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At 81, Mary Braun has lost none of her zeal.

One of the last of a dwindling sect of radical Sons of Freedom Doukhobors who once terrorized surrounding communities with waves of arson and bombings and scandalized them with public nudity, Ms. Braun was on familiar ground yesterday -- naked, in a courtroom, convicted of arson.

As Mr. Justice Mark McEwan of B.C. Supreme Court declared her guilty of setting fire to a college building earlier this month, Ms. Braun sat silently, as she had throughout her brief trial, wrapped only in a grey blanket provided by the court.

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"I think she used it only because she was cold," a spectator said.

When a group of Doukhobor supporters recited the Lord's Prayer in court, she dropped the blanket and stood naked.

Not so long ago, Ms. Braun's act of arson might have sparked an uproar by residents in the East Kootenay region of B.C., worried that Sons of Freedom Doukhobors were on the verge of yet another outbreak of spiritually motivated terrorism.

But the deliberately set fire that caused $150,000 damage to a satellite building of Selkirk College was the first such incident in more than 10 years. And it could be the last.

"There's just a tiny core of elderly women who have carried on these sorts of actions over the past 20 years or so," said retired professor Mark Mealing, who has studied the Doukhobor community for years.

"I can think of one or two other women who might yet do something, but essentially, Mary's it."

Almost all of the province's several thousand Sons of Freedom Doukhobors have abandoned the bombings, arson and nudity displays they used to protest against government intrusion into their lives and to demonstrate their spiritual rejection of material goods.

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"I think they still believe in the principles, but they have changed their attitude towards how best to practise them," Mr. Mealing said. "There's also a great deal of exhaustion."

He said Ms. Braun has considerable sympathy among members of the sect, which now calls itself the Christian Community and Brotherhood of Reformed Doukhobors. The few remaining adherents to the old ways, such as Ms. Braun, are known as Freedomites.

Most live in small, isolated communities between Castlegar and Nelson, where Ms. Braun's two-day trial took place.

"Although what Mary did is seen as regrettable across the whole Doukhobor community, she is still seen as a person willing to take her commitments all the way," Mr. Mealing said. "They feel her act was admirable, even if ill-advised."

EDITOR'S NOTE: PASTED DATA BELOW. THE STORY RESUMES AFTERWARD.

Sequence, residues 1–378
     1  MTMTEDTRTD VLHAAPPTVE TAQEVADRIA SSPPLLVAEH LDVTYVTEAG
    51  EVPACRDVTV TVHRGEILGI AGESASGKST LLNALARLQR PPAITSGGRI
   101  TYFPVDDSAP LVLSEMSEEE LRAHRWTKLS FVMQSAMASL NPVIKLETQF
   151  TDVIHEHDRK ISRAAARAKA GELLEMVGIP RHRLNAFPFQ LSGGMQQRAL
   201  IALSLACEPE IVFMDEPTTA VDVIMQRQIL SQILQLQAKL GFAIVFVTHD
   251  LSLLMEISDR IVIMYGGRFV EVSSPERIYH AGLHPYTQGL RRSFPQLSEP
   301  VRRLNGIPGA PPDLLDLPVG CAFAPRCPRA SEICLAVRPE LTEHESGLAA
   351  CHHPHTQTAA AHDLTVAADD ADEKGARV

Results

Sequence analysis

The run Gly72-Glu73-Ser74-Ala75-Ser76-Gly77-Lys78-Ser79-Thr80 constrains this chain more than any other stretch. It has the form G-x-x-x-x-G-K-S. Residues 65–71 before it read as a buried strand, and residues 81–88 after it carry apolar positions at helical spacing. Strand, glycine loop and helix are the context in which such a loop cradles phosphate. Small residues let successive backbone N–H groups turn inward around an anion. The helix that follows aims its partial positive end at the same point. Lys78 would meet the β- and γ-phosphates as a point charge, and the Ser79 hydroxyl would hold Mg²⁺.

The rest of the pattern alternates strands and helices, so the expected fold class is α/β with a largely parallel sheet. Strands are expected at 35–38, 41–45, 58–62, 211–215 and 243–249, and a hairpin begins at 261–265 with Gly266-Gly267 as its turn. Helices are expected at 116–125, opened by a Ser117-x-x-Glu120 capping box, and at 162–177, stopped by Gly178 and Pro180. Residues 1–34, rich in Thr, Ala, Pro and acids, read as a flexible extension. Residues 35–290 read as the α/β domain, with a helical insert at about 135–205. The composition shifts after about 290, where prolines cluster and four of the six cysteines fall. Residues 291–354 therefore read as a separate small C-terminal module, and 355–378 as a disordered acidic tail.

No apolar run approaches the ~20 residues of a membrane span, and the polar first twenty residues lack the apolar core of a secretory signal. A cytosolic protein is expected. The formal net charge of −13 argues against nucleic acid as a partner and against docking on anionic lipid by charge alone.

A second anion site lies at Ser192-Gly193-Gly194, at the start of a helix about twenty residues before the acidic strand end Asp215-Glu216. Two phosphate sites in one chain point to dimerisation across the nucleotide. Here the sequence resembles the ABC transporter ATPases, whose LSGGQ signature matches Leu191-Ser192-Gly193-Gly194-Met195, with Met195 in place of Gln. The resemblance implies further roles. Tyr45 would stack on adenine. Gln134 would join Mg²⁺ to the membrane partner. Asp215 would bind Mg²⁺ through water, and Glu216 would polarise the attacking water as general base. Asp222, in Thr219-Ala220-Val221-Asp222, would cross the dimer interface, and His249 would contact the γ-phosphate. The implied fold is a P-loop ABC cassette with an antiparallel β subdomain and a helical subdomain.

Reform Doukhobor Elsie Eriksen said nobody she knows agrees with Ms. Braun's latest arson. Times have changed.

"This is just an isolated act. Mary's just about all that's left from that group that continues to practise the old ways of thinking and believing."

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But memories of the past violence and turbulence that rocked the Doukhobors and their neighbours remain vivid.

"It was a horrifying, terrifying time for everyone," Ms. Eriksen, 53, said. Her own family's truck was set ablaze during the disturbances. She was also one of several hundred Sons of Freedom Doukhobor children to be forcibly taken away by police in the 1950s and confined to a residential school with a large fence around it.

At the same time, they were often taunted by non-Doukhobors because of their Russian origins.

"It was the 1950s and people thought we were Communist because we came from Russia," Ms. Eriksen said. "They called us stupid and ignorant. There was incredible hostility towards us."

Mr. Mealing said the Sons of Freedom dynamite bombings, usually directed against the CPR and Kootenay Power, were most likely an attempt to create a public uproar and possibly a way to be sent back to Russia, where they believed a purer spiritual climate prevailed.

Burning down buildings and homes, often their own, demonstrated in their minds a commitment to the importance of spiritual matters over material possessions, he said.

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Nudity was intended to show that everyone is the same without their clothes on and to get people's attention. Many Doukhobors spent long stretches in prison simply for disrobing in public.

"They wanted to convert their more materialistic brethren, and to repel anglo-Canadians. They thought this would reform civilization," Mr. Mealing said.

Ms. Braun has a string of arson convictions over the past 20 years.

Besides burning down buildings, she has lit small fires in courtrooms, set her own clothes on fire after stripping them off and caused blazes in her prison cell.

She has also gone on numerous fasts while in prison to protest against her confinement. Her longest hunger strike -- 107 days -- is also believed to be the longest ever in a Canadian prison.

Several times after being granted parole, Ms. Braun has responded by burning another building.

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Ms. Braun remains in custody. Sentencing was set for Nov. 19.

"Mary's a really nice grannyish old lady," said Mr. Mealing, who has met her several times.

"She's the kind of person you would like to have as a neighbour. Except you wouldn't want to leave home when she was there alone."

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